February 15, 1996
Web posted at: 7:30 a.m. EST (1230 GMT)
From Correspondent Gayle Young
DASHUR, Egypt (CNN) -- In Egypt's pyramid-studded landscape, there is a new gem on the tourist horizon: A plateau of giant pyramids which will soon be open to visitors for the first time.
"I call it really the site of the forgotten pyramids, the site of forgotten Pharaohs because people really don't know about it," says Zahi Hawass, who's the director of the pyramids site.
Some 3,000 tourists visit the great pyramids of Giza every day, increasing the wear and tear on the world-famous monuments.
Archeologists now hope to deflect some of that enthusiasm to a set of pyramids on a former military site at Dashur, not far from the famed tombs of Giza. The military camp was established at the base of the 343-foot-high red pyramid during the height of Middle East tensions, and had been closed to the public for decades. Now that the region has become increasingly stable, the camp has been moved further out into the desert.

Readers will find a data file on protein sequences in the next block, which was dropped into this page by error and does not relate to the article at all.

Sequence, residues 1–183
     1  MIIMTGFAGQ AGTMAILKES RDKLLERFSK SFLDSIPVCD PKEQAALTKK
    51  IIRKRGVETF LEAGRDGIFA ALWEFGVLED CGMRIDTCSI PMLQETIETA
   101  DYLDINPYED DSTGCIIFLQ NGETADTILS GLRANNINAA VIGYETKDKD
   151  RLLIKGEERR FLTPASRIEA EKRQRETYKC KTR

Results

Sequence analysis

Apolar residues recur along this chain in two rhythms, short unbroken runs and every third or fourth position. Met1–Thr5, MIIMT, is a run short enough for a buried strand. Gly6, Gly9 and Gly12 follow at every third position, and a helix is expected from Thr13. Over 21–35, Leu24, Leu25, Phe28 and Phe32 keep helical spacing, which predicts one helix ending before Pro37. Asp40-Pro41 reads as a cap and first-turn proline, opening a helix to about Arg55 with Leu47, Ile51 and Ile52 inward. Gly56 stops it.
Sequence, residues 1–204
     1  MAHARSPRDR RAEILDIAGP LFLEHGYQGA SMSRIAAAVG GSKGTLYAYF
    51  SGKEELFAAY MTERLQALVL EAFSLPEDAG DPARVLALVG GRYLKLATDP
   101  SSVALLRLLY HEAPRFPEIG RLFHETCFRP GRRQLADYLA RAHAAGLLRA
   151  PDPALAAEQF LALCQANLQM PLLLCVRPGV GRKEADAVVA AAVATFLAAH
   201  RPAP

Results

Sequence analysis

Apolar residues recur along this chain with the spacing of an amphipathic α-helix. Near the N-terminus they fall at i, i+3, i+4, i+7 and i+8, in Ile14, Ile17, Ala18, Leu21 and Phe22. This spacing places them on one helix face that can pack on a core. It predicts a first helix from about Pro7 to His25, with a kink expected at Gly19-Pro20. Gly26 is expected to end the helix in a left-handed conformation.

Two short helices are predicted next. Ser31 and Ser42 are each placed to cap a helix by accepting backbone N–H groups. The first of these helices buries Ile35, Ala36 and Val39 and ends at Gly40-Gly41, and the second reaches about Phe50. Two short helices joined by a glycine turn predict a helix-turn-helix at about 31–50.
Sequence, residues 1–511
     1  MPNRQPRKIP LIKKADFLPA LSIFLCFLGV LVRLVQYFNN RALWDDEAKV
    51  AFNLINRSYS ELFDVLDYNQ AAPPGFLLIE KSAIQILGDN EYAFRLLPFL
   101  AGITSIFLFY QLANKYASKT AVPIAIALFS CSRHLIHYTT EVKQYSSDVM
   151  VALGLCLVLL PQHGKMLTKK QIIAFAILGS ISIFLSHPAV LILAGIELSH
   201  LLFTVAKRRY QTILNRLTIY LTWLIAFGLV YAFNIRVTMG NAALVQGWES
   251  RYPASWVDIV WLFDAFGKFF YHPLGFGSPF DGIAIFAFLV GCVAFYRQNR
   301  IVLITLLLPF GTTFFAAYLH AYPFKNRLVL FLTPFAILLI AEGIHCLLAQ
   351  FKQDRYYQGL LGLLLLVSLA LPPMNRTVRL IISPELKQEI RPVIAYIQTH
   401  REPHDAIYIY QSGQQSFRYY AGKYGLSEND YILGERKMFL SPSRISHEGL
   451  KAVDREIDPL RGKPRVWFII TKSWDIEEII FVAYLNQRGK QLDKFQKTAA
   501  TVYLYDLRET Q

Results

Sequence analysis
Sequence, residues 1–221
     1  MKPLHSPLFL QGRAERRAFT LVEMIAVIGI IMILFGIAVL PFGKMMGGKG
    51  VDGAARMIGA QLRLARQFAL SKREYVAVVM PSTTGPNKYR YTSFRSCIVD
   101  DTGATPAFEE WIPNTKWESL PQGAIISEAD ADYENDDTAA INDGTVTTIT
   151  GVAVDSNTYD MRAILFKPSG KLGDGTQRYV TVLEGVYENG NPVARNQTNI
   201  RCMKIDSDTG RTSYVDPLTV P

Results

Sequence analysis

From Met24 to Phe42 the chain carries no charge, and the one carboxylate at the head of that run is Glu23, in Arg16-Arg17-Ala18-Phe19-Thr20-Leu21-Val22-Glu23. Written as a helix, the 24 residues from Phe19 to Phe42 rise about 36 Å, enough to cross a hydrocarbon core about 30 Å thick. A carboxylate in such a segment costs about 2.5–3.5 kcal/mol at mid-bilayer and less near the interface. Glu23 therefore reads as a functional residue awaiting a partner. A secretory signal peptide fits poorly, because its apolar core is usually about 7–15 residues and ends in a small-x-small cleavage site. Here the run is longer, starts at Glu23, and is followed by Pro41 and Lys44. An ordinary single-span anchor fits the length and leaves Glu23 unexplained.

Built by the father of the Pharaoh Cheops whose pyramid in Giza is the largest and best known in the world, the red tomb is the second largest of Egypt's 97 known pyramids.
A maze of tombs surround the site and archeologists say that while most artifacts have been looted over the centuries, there are still probably some mummies concealed beneath the sands of time.
Hawass says he thinks visitors are always fascinated by pyramids. "No one will get tired of pyramids," he says. "Pyramids are pyramids. Pyramids are magic and mystery."
The Egyptian museum is now displaying a cache of jewelry recently found at a tomb near one of the pyramids.
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